Lignosulphonate, or lignosulfonate, or sulfonated lignin, (CAS No. 8061-51-6) are water-soluble anionic polyelectrolyte polymers: they are byproducts from the production of wood pulp using sulfite pulping. Most delignification in sulfite pulping involves acidic cleavage of ether bonds, which connect many of the constituents of lignin.
Lignosulfonates are obtained from sulfite pulping processes wherein cellulose is extracted from wood in the pulp industry. The so-called sulfite pulping process involves mixing sulfur dioxide (SO2) with an aqueous solution of base to generate the raw liquor for cooking the wood. In water, the sulfur dioxide forms sulfurous acid (H2SO3), which degrades and eventually sulfonates the lignin by replacing a hydroxyl group with a sulfonate group, allowing it to be solubilized and separated from the cellulose in nonprecipitated form.
The spent sulfite liquor contains lignosulfonate and sugars, primarily monosaccharides that need to be removed or destroyed so as to permit the lignosulfonate to be used effectively as a water-reducing concrete additive.
Lignosulfonate is also used as a dispersing agent in materials, such as in the production of brick or tile. Another application is as a starting material in the production of chemically modified lignosulfonate, which is used in oil well drilling fluids and dispersion of pigments. Lignosulfonate is also the most common set retarderfor oil well cementing . In recent years, the pulp industry has begun to turn away from the spent acid process in favor of another process that does not have a lignosulfonate by-product. Consequently, there have been efforts to find a substitute for lignosulfonates in building and drilling or borehole operations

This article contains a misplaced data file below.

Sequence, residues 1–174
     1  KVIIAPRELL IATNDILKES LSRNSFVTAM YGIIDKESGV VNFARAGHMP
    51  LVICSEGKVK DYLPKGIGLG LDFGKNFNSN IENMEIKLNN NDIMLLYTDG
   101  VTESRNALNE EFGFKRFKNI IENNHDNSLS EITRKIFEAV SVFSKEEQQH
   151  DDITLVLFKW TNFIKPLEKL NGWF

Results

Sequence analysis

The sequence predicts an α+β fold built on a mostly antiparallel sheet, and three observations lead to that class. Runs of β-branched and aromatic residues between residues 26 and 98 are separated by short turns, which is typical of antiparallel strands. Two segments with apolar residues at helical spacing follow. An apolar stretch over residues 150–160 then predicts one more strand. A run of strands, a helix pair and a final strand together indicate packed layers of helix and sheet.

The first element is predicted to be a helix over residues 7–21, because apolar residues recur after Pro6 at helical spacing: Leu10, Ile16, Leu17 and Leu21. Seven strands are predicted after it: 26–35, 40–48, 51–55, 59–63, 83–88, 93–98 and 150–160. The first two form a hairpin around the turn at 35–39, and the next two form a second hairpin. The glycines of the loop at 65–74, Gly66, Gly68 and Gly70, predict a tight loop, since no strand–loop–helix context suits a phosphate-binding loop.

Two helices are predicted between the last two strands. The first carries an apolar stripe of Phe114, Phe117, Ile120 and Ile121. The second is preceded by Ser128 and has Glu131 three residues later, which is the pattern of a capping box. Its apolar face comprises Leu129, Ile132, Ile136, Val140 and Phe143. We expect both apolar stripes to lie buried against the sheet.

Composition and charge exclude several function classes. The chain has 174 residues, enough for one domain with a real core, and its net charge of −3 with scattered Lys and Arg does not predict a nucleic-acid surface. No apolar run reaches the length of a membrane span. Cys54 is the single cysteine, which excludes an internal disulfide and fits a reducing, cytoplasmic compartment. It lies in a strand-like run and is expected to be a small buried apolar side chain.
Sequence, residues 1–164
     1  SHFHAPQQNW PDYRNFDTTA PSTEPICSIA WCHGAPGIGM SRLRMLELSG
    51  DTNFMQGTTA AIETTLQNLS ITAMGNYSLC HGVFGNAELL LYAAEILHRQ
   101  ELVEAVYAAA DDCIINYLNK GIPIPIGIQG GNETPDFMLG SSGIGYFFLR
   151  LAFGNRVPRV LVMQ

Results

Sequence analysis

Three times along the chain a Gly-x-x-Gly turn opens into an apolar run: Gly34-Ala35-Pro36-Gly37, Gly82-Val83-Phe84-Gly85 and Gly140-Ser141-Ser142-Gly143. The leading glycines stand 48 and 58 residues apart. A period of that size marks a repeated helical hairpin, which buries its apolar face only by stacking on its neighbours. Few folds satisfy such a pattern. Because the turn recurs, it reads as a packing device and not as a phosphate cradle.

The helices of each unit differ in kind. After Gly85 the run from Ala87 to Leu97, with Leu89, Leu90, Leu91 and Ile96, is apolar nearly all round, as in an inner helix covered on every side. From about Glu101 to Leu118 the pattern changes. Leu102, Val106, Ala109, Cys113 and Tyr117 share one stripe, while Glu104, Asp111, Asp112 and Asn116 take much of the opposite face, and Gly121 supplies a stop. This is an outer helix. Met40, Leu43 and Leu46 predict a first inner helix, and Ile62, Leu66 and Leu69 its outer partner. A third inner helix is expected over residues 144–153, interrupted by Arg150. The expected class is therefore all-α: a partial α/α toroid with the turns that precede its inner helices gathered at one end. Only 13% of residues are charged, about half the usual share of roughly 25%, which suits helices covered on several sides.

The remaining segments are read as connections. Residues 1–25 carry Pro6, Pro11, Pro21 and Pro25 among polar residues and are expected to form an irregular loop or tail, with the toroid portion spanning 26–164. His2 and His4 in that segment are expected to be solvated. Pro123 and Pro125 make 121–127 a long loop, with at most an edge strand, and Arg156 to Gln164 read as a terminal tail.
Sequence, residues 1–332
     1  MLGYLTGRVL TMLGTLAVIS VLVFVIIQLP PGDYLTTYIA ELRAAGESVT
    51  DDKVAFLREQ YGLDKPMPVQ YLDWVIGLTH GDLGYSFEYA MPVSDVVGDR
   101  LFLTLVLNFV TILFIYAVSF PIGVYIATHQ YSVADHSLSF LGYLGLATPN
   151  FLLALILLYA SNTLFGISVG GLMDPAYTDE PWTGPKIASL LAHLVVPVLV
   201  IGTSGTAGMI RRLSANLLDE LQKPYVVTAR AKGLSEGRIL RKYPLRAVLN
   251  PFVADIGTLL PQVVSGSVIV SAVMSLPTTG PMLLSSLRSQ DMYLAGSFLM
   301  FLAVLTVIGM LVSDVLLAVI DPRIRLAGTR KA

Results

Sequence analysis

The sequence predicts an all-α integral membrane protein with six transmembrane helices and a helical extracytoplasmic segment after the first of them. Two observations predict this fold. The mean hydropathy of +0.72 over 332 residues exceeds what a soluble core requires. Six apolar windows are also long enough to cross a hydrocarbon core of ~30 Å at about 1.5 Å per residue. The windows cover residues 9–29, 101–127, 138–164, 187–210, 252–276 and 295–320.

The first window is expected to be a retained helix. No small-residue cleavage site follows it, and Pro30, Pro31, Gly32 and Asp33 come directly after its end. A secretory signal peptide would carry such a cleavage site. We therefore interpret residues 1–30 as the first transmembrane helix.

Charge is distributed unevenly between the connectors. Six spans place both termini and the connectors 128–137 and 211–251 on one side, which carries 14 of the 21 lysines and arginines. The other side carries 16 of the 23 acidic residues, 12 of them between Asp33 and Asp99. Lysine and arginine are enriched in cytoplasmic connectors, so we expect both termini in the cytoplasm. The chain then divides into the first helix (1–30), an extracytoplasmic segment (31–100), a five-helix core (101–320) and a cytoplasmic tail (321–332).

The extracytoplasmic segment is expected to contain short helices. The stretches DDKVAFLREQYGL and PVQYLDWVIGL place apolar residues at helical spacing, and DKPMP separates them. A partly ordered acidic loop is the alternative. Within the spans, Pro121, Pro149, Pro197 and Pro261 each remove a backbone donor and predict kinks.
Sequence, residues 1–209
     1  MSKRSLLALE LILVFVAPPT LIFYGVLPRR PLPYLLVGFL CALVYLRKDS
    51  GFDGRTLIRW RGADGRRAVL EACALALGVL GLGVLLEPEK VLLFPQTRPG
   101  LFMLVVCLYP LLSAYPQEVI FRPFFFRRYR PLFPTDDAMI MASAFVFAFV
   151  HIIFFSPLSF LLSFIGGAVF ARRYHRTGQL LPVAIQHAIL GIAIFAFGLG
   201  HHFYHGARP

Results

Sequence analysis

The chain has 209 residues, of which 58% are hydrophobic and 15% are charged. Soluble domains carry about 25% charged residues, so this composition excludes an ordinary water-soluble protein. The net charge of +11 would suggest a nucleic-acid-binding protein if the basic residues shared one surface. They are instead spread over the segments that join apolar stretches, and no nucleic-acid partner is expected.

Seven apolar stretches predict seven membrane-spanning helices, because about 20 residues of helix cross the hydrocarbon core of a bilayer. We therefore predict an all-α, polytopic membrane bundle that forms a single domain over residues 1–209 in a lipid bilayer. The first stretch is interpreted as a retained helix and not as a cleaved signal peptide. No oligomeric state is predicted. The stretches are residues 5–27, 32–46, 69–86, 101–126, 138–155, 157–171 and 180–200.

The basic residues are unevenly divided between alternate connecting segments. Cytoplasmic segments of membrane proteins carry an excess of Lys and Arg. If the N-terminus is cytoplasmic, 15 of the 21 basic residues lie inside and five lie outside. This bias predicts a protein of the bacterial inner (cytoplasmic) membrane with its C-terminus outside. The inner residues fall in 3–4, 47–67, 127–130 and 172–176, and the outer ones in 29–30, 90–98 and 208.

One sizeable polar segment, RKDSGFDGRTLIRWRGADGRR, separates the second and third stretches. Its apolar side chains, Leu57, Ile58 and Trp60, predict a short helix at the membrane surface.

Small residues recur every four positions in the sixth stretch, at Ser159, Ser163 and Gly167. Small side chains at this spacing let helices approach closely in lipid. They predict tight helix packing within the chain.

Sodium lignosulphonate or calcium lignosulphonate have very broad ranges of molecular mass (they are very polydisperse). A range of from 1000–140,000 da has been reported for softwood lignosulphonates with lower values reported for hardwoods.
Sodium Lignosulphonate, calcium lignosulphonate, megnesium lignosulphonate and ammonium lignosulphonates are recovered from the spent pulping liquids (red or brown liquor) from sulfite pulping.
The most widely used industrial process is the Howard process, in which 90–95% yields of calcium lignosulfonates (CAS number 904-76-3), are precipitated by adding of excess calcium hydroxide. Ultrafiltration and ion-exchange can also be used to separate lignosulfonates from the spent pulping liquid. A list of CAS numbers for the various metal salts of lignosulfonate is available.